Those who describe the ongoing genocidal mayhem in the Middle Belt as “farmers-herders clashes” are people of evil mind. According to my dictionary, to clash is to collide, conflict or disagree, often in a spontaneous, temporary manner. The endless cycle of violence perpetrated by well-armed Fulani militias going back for more than a decade cannot be deodorised as mere “clashes”. It is an ethnic-cleansing Jihad. Their objective is to decimate the Christian Middle Belt and turn them into bond slaves in their own ancestral homeland. From Southern Borno to parts of Adamawa, Southern Kaduna, Birnin Gwari, Plateau and Benue, hundreds of communities have become dispossessed landless peasants. Strangers, many of them with foreign Hausa accents, have taken over their homesteads. Many can no longer attend to their farms. These rampaging, marauding militias aim to kill, maim, pillage, colonise and dispossess. And they are well prepared to carry on this war for the next 50 years until their victims surrender.
What we face is a long-drawn war anchored on the military strategy of fitna, i.e. killing with shocking venom and brutality, with the aim of instilling fear and paralysing powerlessness. They aim to continually pound upon their victims until they surrender. Another well-known strategy of theirs is, Taqiyya, the doctrine of lying or deception. According to this evil doctrine, it is perfectly legitimate to lie to “unbelievers” until they are completely hoodwinked and deceived. For them, nothing is sacred. The South and the Middle Belt must therefore unite against an Enemy who is a stranger to both God and Humanity.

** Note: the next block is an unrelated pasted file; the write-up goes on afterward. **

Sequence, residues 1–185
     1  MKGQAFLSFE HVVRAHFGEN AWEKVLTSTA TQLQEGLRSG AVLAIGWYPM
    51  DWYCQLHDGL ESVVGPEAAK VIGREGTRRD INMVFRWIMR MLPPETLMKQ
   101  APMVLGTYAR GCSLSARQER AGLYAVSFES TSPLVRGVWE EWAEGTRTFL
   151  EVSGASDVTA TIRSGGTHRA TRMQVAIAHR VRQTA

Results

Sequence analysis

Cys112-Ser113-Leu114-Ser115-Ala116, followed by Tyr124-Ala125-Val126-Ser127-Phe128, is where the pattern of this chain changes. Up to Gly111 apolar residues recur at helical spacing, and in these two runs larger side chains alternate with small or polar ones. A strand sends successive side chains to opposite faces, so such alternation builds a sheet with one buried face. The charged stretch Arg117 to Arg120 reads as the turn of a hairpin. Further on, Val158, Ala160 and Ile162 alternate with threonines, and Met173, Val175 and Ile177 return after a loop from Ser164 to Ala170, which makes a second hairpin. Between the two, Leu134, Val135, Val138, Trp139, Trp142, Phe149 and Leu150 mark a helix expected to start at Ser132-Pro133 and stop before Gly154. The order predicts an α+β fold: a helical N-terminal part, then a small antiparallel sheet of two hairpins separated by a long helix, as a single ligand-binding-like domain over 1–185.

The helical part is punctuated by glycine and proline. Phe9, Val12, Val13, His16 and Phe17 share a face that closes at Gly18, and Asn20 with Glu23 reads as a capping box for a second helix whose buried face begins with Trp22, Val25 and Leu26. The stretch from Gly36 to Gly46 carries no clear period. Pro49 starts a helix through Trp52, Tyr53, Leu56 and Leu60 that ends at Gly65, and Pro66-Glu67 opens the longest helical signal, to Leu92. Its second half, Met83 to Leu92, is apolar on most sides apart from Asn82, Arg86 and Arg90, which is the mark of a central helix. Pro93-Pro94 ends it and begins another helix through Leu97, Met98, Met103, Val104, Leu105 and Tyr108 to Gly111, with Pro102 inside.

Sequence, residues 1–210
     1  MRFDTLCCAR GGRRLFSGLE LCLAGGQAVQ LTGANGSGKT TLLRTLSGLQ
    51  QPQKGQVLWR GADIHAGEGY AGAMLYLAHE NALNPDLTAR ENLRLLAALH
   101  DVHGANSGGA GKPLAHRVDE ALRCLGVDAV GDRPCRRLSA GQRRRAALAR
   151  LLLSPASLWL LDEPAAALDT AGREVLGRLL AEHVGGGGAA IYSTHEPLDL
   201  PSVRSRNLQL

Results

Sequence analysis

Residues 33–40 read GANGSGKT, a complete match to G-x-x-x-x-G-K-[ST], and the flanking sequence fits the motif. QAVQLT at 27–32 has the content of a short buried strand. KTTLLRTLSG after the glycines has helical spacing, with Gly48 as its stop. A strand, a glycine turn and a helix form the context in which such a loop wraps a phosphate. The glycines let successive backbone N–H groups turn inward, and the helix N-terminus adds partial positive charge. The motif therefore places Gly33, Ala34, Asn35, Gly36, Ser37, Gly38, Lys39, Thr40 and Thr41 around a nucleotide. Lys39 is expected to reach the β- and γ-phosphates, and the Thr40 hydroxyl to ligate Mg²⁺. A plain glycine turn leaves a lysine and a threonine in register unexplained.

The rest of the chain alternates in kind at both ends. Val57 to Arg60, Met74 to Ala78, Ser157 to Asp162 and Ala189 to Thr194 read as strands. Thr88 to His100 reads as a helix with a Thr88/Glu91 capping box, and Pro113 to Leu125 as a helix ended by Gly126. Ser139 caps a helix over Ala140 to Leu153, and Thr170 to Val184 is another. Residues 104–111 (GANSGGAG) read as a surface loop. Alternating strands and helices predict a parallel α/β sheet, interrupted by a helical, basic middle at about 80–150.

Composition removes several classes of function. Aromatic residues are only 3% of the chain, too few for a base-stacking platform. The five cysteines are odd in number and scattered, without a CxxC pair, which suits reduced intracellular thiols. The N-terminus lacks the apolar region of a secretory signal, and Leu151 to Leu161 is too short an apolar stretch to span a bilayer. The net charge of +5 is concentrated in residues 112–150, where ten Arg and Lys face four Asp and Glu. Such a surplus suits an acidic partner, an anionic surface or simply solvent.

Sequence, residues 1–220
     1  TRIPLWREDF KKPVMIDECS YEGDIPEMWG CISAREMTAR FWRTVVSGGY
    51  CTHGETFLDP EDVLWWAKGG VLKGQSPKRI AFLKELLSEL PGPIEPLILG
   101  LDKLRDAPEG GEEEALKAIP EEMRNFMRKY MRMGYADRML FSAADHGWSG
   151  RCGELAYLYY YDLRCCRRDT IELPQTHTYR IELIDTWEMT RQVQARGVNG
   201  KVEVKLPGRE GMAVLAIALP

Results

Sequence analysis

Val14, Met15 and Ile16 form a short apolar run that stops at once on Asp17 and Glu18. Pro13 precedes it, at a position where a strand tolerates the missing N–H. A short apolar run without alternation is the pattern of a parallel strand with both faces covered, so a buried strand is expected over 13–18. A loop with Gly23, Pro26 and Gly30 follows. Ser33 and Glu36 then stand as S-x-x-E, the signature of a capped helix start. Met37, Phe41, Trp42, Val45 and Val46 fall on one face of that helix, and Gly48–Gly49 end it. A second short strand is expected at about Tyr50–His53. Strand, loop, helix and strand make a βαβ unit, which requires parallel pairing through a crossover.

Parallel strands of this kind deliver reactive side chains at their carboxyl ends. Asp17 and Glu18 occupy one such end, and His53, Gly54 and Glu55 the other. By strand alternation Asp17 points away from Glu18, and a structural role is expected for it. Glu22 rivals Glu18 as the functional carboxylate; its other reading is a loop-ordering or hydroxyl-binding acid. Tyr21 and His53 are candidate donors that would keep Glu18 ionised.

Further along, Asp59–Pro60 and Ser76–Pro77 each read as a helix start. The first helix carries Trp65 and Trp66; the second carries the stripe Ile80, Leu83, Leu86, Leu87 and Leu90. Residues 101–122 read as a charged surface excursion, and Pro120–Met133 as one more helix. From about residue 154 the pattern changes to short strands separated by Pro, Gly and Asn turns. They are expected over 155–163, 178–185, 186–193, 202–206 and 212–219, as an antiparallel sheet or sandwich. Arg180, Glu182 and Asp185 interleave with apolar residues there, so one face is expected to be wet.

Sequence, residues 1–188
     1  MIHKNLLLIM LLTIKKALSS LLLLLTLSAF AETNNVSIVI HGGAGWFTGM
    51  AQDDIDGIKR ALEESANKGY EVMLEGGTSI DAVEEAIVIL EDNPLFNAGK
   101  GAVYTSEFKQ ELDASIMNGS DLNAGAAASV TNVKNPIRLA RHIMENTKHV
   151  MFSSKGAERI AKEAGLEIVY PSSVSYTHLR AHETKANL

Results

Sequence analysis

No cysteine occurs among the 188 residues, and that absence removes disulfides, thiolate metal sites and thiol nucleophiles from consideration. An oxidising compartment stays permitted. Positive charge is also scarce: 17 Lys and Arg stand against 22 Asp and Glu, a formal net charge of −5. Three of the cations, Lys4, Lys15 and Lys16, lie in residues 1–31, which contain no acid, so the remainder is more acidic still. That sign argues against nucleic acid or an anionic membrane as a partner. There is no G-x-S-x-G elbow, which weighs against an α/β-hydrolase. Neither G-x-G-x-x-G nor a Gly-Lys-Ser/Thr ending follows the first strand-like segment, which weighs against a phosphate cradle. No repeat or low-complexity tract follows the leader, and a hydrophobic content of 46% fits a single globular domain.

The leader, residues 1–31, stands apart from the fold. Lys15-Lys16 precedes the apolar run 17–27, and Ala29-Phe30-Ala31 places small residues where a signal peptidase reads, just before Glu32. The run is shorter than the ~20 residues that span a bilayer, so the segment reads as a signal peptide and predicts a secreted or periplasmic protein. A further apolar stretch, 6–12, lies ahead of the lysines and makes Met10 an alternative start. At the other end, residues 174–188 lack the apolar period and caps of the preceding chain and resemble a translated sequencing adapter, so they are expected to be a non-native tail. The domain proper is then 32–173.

Reminds me of the bleak language of the great German sociologist and jurist, Max Weber: “Ahead of us is not the bloom of summer but a polar night of icy darkness…no matter which group may triumph externally now….When this night shall have slowly receded, who of those for whom spring apparently has bloomed so luxuriously will be alive? And what will have become of all of you by then…Will you simply accept world and occupation?”